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Sam McNeil / AP

A Stanford professor and heart surgeon has completed a proof-of-concept study showcasing the potential for photosynthetic cyanobacteria to treat the complications of heart attacks, per Smithsonian Magazine.

The traditional treatment: During a heart attack, heart tissue rapidly stops receiving blood containing oxygen and nutrients, which can lead to severe heart failure and death. So doctors try to get blood to the heart as soon as possible in order to provide critical oxygen and sugars.

The novel solution: The Stanford team injected a lab-grown strain of cyanobacteria — tiny photosynthetic organisms that use sunlight to convert carbon dioxide and water into oxygen and sugars — into a rat's heart and turned on a light. They saw increased metabolism within 20 minutes and improved heart performance in under an hour.

The drawbacks: Right now, the process requires open-heart surgery for the injection of cyanobacteria and the application of light. Additionally, the costs of outfitting hospitals with the equipment necessary for such a time-sensitive procedure might prove difficult.

Go deeper

Mike Allen, author of AM
2 hours ago - Politics & Policy

Biden's "overwhelming force" doctrine

President-elect Biden arrives to introduce his science team in Wilmington yesterday. Photo: Kevin Lamarque/Reuters

President-elect Biden has ordered up a shock-and-awe campaign for his first days in office to signal, as dramatically as possible, the radical shift coming to America and global affairs, his advisers tell us. 

The plan, Part 1 ... Biden, as detailed in a "First Ten Days" memo from incoming chief of staff Ron Klain, plans to unleash executive orders, federal powers and speeches to shift to a stark, national plan for "100 million shots" in three months.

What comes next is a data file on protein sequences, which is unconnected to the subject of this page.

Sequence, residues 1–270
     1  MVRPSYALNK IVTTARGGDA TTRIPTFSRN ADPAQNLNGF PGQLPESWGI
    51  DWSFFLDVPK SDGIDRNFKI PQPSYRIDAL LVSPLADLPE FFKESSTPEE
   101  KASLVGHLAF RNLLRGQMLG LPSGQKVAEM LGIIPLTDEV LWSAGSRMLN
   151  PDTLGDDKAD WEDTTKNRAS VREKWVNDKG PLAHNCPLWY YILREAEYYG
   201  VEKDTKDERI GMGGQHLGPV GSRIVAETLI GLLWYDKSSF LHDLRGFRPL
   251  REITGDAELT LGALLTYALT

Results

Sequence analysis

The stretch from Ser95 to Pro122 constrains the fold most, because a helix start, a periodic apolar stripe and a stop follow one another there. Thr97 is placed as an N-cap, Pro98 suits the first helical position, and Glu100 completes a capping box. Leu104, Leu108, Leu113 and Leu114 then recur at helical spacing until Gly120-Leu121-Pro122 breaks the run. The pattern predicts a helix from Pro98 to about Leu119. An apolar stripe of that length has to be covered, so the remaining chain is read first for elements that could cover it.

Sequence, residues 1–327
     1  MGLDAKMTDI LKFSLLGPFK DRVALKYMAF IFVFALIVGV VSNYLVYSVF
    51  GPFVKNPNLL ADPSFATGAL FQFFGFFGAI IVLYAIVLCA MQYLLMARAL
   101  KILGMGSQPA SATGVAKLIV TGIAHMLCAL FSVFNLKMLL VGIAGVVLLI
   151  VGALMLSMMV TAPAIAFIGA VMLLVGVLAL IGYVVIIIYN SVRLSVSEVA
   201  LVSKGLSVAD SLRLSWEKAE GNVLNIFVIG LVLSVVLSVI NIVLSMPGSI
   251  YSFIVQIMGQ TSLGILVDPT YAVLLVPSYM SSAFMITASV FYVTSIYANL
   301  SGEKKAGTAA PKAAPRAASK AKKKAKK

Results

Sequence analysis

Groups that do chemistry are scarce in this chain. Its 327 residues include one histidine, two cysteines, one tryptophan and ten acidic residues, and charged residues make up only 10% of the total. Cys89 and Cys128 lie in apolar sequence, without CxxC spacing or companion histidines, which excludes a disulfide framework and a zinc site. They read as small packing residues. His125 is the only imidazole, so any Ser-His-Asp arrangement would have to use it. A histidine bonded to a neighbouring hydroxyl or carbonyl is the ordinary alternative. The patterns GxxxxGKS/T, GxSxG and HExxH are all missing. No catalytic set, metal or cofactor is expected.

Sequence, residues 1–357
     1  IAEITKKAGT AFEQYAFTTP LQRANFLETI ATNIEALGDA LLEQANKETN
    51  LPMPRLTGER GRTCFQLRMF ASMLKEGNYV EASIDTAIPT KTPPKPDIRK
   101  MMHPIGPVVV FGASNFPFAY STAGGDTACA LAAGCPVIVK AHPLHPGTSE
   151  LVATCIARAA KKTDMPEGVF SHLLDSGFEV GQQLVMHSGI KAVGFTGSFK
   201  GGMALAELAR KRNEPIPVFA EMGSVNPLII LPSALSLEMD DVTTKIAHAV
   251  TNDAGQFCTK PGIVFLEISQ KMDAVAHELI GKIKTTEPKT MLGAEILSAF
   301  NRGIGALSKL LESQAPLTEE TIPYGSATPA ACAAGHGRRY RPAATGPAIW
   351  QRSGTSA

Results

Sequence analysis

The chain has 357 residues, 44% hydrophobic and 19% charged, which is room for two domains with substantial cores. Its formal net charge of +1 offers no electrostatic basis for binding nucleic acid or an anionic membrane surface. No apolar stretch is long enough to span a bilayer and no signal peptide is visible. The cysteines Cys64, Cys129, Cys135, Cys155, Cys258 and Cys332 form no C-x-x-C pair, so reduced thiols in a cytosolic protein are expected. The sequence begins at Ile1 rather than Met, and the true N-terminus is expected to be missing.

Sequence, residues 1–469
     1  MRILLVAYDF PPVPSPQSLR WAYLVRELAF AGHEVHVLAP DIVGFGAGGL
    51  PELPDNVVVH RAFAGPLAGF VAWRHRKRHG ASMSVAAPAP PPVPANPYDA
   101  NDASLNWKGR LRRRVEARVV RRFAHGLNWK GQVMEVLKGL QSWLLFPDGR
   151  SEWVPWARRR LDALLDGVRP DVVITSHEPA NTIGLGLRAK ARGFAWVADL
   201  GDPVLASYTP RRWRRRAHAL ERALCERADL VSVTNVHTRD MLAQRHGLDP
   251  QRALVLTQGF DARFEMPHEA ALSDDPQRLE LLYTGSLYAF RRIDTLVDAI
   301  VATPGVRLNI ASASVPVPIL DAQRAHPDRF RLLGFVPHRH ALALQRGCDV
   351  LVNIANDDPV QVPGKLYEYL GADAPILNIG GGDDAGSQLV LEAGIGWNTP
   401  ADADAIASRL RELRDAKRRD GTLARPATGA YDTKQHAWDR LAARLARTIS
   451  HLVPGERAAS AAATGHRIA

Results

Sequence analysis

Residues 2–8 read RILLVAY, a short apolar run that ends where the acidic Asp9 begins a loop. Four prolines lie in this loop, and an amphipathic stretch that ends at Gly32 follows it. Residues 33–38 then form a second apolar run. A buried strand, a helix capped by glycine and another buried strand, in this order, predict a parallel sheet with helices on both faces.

Off the Rails

Episode 2: Barbarians at the Oval

Photo illustration: Sarah Grillo/Axios. Photo: Jim Watson/AFP/Getty Images

Beginning on election night 2020 and continuing through his final days in office, Donald Trump unraveled and dragged America with him, to the point that his followers sacked the U.S. Capitol with two weeks left in his term. This Axios series takes you inside the collapse of a president.

Episode 2: Trump stops buying what his professional staff are telling him, and increasingly turns to radical voices telling him what he wants to hear. Read episode 1.

President Trump plunked down in an armchair in the White House residence, still dressed from his golf game — navy fleece, black pants, white MAGA cap. It was Saturday, Nov. 7. The networks had just called the election for Joe Biden.

Fringe right plots new attacks out of sight

Illustration: Aïda Amer/Axios

Domestic extremists are using obscure and private corners of the internet to plot new attacks ahead of Inauguration Day. Their plans are also hidden in plain sight, buried in podcasts and online video platforms.

Why it matters: Because law enforcement was caught flat-footed during last week's Capitol siege, researchers and intelligence agencies are paying more attention to online threats that could turn into real-world violence.